Vikram Gandhi departs Credit Suisse

After six years as global head of FIG at Credit Suisse, the not-for-profit sector convinces Vikram Gandhi to hang up his investment banking shoes.

Vikram Gandhi, vice-chairman of the investment banking department and co-global head of the financial institutions group (FIG) at Credit Suisse, has resigned to devote himself to philanthropy.

Gandhi joined Credit Suisse in New York in 2005 as head of FIG to build the industry group franchise. In the summer of 2008 he relocated to Hong Kong in the same role, with a mandate to expand the FIG franchise in Asia and Europe, while continuing to oversee key client relationships in the Americas.

In April 2010 Ewen Stevenson was promoted to co-global head of FIG, based in London. Stevenson is a veteran Credit Suisse banker who has held a variety of roles related to coverage of the financial services sector since he joined in 1989. Some observers suggested that Stevenson’s appointment last year was a precursor to Gandhi stepping down from his position.

Gandhi was earlier co-head of FIG at Morgan Stanley between 2003 and 2005. And from 1997 to 1999 he served as president of Morgan Stanley India and vice-chairman of the US investment bank’s Indian joint venture, JM Morgan Stanley. JM Morgan Stanley was dissolved in 2007 and Morgan Stanley soon thereafter set up a wholly owned Indian operation.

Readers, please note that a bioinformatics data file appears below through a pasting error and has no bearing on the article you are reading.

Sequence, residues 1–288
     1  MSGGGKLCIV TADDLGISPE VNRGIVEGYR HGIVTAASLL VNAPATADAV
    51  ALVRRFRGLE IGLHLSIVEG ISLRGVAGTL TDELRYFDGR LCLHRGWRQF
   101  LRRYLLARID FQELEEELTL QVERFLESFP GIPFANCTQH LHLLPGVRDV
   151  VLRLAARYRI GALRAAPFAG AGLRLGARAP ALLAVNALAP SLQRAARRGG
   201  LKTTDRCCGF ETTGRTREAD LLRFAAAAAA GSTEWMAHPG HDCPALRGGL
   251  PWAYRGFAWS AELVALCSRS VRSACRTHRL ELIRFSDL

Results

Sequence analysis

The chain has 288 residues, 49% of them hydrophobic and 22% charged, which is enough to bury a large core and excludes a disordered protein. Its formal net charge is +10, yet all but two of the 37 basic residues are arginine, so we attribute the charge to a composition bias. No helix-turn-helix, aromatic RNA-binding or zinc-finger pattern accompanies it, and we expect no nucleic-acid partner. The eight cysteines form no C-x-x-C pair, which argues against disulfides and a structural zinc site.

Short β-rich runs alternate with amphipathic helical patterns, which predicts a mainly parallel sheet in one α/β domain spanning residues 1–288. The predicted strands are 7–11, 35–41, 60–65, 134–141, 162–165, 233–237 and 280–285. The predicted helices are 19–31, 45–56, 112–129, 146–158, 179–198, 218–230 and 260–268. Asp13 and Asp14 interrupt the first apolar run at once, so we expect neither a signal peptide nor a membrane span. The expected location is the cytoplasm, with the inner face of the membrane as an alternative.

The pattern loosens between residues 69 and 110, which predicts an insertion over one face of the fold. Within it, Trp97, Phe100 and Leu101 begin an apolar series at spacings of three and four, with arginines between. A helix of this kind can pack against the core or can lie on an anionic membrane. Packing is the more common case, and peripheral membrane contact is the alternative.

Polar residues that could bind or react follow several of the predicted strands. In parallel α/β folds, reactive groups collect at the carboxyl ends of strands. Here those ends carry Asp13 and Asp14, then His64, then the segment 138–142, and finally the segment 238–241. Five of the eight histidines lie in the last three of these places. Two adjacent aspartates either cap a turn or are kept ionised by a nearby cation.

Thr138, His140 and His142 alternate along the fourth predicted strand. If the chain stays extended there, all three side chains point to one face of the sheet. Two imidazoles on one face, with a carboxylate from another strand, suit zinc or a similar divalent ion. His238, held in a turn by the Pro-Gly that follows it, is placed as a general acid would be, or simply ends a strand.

Gandhi will now devote all his energies to philanthropy, particularly in Asia and specifically India. This includes spending more time on the Giving Back Foundation, which he co-founded with his wife Meera, who is the CEO, in 2010. The foundation aims to alleviate poverty, illness, and suffering, as well as help educate young children around the world. Gandhi will continue to be based in Hong Kong for the near future, although he envisages spending more time in India. He is expected to fully relinquish his responsibilities at Credit Suisse by April this year.

“Credit Suisse has been a great firm for me professionally,” said Gandhi in an exclusive interview with FinanceAsia. “Since this is still quite early in my transition, it is premature to be talking about support [from Credit Suisse] for my foundation.”

When asked what has prompted him to make this move now, Gandhi said he has always been interested in non-government organisations. Among other things, he is involved with the Grameen Foundation, where he has been a board member for the past five years. He now intends to spend more time “looking at key issues facing India and Asia and hopes to tap [his] experience with [Credit Suisse] as well as 22 years in global investment banking, and channel it into new areas of personal growth”.

Some in the banking industry have commented that Gandhi’s departure puts a spotlight on the amorphous nature of the role of a global co-head of an industry group in investment banking. Each country has a team of relationship bankers covering the financial institutions within their geography. These will report to a regional head who will then report to a global head. The global head has to bring strong personal relationships to the table to be able to carve out an independent role.

Credit Suisse had no comment on Gandhi's departure.

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